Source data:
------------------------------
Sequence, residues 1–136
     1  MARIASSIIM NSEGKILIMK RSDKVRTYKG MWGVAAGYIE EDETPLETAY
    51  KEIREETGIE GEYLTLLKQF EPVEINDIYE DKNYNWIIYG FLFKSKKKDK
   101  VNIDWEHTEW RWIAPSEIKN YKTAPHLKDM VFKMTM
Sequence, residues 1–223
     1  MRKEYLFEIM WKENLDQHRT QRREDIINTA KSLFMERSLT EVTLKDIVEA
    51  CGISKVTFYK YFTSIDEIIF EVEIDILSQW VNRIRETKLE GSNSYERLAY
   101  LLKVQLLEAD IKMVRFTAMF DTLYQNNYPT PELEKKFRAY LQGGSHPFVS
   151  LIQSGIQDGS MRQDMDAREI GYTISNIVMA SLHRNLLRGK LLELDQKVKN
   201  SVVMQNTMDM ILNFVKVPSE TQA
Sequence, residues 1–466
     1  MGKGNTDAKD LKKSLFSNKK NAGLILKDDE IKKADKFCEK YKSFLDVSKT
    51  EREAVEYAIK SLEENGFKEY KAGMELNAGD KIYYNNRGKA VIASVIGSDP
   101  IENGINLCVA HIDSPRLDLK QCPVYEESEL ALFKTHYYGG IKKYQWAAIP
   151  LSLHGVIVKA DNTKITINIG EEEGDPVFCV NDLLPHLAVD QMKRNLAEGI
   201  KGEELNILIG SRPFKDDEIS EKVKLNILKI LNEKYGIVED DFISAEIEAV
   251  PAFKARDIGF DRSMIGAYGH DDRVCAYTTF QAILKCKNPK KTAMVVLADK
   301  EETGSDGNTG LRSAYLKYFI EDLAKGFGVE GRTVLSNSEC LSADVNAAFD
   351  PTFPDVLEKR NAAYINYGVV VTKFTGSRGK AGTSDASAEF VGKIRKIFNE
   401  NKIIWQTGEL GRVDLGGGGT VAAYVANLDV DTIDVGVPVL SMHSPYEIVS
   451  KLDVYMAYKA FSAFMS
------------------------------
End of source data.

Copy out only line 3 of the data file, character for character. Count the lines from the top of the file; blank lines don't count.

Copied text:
    51  KEIREETGIE GEYLTLLKQF EPVEINDIYE DKNYNWIIYG FLFKSKKKDK